How full of striking and beautiful figures is our text! "And a man shall be as a hiding place from the wind, and a covert from the tempest; as rivers of water in a dry place, as the shadow of a great rock in a weary land. And the eyes of them that see shall not be dim, and the ears of them that hear shall hearken." But these numerous figures are all employed to point out one grand Object -the Lord Jesus Christ. The rays which these mirrors reflect, all converge to once focus -the Man, the wondrous Man, the only Mediator between God and men. The same figures, too, by implication, distinctly point out the persons for whom the man who is God s fellow sustains these blessed offices; and these are represented as travelling in a wilderness, amid wind and storm, heat and weariness.

In opening up the words of the text, I shall therefore attempt to show

I. Who the travellers are on their heavenward march, and the dangers and difficulties which beset their path.

II. The hiding place and covert, the refreshment and shade which the Lord has provided for these travellers in the Son of his love.

III. The opening of their eyes to see, and of their ears to hearken to the blessings thus provided for them.

I. The way to heaven is often spoken of in scripture as a journey, and this by no flowery meadow or purling brook, through no over-arching bowers or verdant shade, but through a wilderness. This figure has not only in itself a beautiful appropriateness, but possessed to the children of Israel a historic truth. It was through the dreary wilderness, and a forty years sojourn therein, that their fathers came into the promised land. Besides which, as their males were all commanded to appear, three times a year, before the Lord, and had often to pass through wild desert tracts on their way to Jerusalem, it was a figure of which they had an actual, literal experience. Thus we find the Psalmist spiritualizing the pilgrimage to Jerusalem of the godly Israelite. "Blessed is the man whose strength is in thee; in whose heart are the ways of them, who passing through the valley of Baca make it a well; the rain also filleth the pools. They go from strength to strength, every one of them in Zion appeareth before God." Ps 84:5,6,7 But we, in this cold, humid, Northern clime, must transport ourselves in imagination to an Eastern wilderness before we can see the beauty and appropriateness of the figure. In this climate, we have no idea of an almost tropical sun. An expression which I met with many years ago in Henry Martyn s Journal so struck my mind at the time that I have never forgotten it. He calls it "the terrible sun." This terrible sun, then, above, and the glowing sand beneath, want of food and water, of shade and shelter, with the exhausting nature of the journey, made a journey across the wilderness always a formidable and often a perilous undertaking. These perils are alluded to in the text, and four are specifically mentioned; pestilential winds; thunder storms, drought, weariness and tiresomeness of the long and painful way. These perils have, of course, all of them a spiritual signification, which it will be my business, with God s blessing, this morning to open and to point out its bearing upon the difficulties, perils, trials, and temptations which beset the path of a child of God on his heavenward pilgrimage.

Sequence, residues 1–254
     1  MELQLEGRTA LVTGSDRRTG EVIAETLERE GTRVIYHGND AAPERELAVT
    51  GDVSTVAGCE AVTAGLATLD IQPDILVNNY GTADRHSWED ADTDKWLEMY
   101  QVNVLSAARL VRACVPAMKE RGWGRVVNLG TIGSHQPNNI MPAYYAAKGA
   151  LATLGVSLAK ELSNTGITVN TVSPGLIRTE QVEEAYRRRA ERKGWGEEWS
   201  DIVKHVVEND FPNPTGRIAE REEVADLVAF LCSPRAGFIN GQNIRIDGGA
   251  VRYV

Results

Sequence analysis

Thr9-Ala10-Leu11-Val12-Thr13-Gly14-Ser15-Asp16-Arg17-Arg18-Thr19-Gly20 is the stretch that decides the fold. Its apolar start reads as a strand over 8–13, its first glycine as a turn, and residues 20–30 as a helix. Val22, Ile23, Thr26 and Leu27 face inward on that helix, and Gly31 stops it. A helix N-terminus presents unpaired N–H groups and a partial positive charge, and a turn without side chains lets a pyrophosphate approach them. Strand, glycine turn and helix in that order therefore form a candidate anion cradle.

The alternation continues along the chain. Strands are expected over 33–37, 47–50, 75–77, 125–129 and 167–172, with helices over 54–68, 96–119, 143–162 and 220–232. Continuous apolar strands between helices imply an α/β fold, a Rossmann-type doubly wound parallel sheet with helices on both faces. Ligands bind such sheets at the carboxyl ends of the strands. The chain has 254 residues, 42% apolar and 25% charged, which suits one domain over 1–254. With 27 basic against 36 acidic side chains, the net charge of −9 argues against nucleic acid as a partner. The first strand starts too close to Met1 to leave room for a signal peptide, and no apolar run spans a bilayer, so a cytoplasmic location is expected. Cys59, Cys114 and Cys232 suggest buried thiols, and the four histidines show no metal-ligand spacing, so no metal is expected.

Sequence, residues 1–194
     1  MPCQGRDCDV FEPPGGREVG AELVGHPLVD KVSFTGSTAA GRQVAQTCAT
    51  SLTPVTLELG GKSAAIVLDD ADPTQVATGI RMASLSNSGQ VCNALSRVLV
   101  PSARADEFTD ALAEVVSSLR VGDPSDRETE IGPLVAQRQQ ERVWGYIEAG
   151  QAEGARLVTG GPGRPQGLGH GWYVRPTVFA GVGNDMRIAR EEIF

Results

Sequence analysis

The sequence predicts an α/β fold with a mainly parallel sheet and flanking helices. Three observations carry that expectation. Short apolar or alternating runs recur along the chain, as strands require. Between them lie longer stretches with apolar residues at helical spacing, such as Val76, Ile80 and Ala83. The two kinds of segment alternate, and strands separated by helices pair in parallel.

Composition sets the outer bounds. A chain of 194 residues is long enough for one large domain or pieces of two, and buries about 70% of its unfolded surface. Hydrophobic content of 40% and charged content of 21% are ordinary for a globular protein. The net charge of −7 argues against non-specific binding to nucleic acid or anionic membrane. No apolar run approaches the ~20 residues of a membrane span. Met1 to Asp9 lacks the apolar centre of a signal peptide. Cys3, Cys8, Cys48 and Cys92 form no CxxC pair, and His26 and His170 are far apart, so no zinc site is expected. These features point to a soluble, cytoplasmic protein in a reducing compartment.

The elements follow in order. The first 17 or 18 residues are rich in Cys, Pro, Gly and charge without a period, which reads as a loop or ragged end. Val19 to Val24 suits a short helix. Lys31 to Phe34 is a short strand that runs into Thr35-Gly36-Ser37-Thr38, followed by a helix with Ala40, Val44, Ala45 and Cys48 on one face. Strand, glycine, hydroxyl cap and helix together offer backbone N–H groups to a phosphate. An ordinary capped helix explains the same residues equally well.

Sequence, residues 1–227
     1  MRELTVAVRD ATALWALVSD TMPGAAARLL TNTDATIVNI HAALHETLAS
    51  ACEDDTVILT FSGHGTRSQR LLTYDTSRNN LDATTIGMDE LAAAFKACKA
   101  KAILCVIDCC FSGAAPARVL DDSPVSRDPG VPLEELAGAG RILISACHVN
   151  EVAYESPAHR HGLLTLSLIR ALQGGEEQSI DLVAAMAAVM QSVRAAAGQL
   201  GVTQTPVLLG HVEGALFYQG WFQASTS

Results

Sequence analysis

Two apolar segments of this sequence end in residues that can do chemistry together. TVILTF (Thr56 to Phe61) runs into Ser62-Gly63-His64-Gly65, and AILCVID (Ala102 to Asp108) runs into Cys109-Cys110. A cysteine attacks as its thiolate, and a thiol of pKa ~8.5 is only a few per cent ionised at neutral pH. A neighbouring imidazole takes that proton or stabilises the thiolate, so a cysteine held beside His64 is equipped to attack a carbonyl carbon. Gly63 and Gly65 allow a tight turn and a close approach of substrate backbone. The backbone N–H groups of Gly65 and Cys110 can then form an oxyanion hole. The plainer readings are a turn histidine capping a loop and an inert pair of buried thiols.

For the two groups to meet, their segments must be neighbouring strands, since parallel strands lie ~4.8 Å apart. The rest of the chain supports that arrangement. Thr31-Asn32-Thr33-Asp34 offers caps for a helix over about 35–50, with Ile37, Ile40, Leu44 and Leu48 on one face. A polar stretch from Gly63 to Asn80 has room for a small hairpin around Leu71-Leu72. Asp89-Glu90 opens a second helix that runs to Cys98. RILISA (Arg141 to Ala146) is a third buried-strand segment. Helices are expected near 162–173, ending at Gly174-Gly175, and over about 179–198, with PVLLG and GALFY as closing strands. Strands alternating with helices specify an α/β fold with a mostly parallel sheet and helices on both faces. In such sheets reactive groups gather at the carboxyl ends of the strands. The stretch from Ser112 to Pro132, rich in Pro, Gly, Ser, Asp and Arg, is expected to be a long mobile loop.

i. The first peril mentioned is the Wind. This is implied in the promise. "And a man shall be as a hiding place from the wind." By "the wind" here, I understand the pestilential wind, sometimes called the simoom, or samiel, which at certain seasons passes over the desert, blasting and withering all it touches, and carrying death in its train. Were the traveller fully exposed to this noxious blast, he would sink beneath its deadly breath. He therefore needs a hiding place to shield him from its pernicious effects, and save his very life. But what is there in the spiritual desert corresponding to this pestilential wind? Sin. That is the deadly wind, the pestilential simoom, which bears death and destruction in its breath. "For the wages of sin is death." "The soul that sinneth, it shall die." And as wind diffuses itself in every direction, and subjects all it encounters to its influence, so the deadly breath of sin has diffused itself all over the world, and blows its terrific blasts over the wilderness of our fallen nature, withering and destroying all good as it springs up, as the samiel blights all that seeks to grow in the desert. Assailed by this deadly wind, the traveller, if he escape with life, is often smitten with disease. So the pestilential breath of sin pollutes everything it touches.